Long-Time CU Friend Sarbanes To Step Down

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Sen. Paul Sarbanes, the ranking Democrat on the Senate Banking Committee and the self-styled conscience of credit unions, announced he won't seek reelection in 2006 when his fifth term expires.

The Maryland Democrat, rated as one of the Senate's most liberal members, made his mark on the credit union movement first by helping manage HR 1151, the CU Membership Access Act of 1998, through the Senate. Sarbanes, and the then-Senate Banking Committee Chairman Alfonse D'Amato of New York, skillfully navigated opposition and amendments to gain easy passage of the bill.

Sarbanes told his colleagues during the debate over the landmark credit union bill that time was right to reverse the Supreme Court's ruling in the AT&T Family FCU case outlawing multiple group fields of membership (FOM). "This is a major step in insuring the financial stability for the credit union industry," he said.

Since then Sarbanes has gained reknown within the credit union movement as a constant reminder for credit unions to stick to their historical mission of serving the underserved. Sarbanes even directed a study by the Government Accountability Office to determine whether credit unions were continuing to do so.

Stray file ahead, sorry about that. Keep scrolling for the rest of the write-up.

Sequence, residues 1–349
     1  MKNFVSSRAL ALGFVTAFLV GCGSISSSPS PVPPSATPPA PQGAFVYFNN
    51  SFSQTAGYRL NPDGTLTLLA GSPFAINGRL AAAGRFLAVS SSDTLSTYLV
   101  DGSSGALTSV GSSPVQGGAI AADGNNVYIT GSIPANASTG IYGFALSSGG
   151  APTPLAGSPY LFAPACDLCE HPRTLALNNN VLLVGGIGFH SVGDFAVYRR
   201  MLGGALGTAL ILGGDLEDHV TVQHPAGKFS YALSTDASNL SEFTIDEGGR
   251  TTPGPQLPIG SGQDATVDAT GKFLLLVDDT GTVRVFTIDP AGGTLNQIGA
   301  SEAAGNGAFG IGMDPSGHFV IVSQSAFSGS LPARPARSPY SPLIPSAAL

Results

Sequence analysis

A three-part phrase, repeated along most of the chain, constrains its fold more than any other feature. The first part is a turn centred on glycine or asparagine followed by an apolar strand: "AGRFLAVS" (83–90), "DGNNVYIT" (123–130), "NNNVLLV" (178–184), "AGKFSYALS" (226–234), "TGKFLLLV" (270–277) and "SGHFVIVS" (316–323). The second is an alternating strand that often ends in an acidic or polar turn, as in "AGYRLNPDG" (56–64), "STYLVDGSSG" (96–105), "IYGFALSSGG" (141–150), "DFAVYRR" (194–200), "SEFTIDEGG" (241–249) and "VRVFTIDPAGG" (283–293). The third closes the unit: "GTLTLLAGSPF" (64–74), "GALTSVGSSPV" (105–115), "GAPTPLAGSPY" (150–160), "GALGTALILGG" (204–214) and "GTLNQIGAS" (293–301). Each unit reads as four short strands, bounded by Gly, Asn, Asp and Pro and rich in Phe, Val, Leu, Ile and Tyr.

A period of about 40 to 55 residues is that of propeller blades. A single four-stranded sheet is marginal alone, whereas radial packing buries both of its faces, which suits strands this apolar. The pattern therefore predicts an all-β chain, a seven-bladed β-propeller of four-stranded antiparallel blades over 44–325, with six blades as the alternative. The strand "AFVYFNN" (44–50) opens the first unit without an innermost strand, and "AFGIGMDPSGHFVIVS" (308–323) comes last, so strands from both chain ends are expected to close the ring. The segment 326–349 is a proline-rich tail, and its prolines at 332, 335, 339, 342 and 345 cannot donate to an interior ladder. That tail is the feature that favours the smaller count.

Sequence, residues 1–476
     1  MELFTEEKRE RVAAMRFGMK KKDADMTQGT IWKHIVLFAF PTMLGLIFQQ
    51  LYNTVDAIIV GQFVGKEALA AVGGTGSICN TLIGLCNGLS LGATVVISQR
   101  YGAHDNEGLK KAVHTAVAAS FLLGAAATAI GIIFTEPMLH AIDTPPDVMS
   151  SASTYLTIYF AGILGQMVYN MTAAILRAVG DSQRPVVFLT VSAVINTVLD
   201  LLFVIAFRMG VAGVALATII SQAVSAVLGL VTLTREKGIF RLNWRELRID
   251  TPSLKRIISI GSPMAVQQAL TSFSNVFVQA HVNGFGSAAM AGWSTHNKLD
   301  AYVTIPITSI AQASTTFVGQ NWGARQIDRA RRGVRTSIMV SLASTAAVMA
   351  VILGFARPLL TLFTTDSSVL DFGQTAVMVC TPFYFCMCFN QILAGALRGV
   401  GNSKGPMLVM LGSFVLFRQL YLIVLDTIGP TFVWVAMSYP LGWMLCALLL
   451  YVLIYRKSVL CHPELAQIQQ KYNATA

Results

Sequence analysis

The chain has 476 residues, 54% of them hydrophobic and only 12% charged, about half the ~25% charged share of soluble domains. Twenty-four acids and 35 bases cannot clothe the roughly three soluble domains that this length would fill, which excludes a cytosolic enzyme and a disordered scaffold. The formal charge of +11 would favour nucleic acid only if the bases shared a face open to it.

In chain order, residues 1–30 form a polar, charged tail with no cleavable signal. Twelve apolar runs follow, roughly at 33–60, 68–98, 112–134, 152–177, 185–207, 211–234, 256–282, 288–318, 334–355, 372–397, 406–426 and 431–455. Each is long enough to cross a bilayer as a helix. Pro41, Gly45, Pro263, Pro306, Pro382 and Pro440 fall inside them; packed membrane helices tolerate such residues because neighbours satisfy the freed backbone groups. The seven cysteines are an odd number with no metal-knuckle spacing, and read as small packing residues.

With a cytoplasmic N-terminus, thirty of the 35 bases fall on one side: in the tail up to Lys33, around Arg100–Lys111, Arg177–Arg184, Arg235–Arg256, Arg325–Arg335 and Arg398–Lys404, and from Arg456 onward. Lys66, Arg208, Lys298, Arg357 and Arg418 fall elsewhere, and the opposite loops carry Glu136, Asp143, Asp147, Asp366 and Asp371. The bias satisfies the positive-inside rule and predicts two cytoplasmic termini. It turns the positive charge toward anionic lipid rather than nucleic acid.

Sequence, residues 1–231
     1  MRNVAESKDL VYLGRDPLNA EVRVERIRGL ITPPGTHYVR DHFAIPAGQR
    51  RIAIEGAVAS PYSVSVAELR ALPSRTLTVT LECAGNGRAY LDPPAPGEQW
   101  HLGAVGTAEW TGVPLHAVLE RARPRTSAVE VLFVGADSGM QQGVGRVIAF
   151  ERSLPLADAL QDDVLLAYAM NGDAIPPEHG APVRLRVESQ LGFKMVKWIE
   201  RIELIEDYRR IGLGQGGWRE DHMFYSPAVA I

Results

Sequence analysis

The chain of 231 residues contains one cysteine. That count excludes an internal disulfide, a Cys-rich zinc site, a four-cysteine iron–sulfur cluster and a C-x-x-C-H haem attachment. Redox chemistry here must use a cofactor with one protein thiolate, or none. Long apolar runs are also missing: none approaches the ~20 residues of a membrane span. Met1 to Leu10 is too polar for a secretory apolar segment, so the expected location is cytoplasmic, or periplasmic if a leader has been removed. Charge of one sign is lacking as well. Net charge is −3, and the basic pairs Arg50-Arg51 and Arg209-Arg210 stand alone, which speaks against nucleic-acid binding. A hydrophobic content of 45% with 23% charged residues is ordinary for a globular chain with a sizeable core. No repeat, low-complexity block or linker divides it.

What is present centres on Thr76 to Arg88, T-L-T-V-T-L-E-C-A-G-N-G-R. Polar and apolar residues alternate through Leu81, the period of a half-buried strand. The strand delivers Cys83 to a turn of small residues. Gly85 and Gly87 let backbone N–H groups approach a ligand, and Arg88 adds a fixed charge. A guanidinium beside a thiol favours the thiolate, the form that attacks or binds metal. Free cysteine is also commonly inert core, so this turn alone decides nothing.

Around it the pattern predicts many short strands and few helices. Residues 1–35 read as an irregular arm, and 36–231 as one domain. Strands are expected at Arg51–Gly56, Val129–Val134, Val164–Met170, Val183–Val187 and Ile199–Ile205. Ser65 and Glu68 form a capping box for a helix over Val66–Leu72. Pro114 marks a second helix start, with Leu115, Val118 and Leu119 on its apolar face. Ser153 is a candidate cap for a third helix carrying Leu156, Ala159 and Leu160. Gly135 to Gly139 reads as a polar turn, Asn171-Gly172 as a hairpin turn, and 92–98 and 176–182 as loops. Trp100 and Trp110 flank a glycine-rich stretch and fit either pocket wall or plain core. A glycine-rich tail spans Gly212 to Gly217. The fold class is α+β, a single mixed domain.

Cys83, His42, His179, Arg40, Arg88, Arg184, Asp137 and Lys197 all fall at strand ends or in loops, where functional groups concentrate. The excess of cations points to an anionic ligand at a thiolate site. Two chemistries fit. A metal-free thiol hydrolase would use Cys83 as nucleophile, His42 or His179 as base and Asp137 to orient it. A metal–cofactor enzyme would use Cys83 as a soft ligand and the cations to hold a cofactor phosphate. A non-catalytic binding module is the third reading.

"Sen. Sarbanes was a credit union friend," said John McKechnie, chief lobbyist for CUNA, who has known the senator for several years. "His intellect and his way of approaching issues always added something to the legislative process."

"He was always trying to call on the credit union movement to do more for people of modest means, and I salute him for that," added McKechnie.

First elected in 1976, Sarbanes was reported to have tired of being in the Senate minority, as Democrats are now outnumbered by Republicans 55-to-44 (with one Independent), and have little chance of regaining the majority any time soon.

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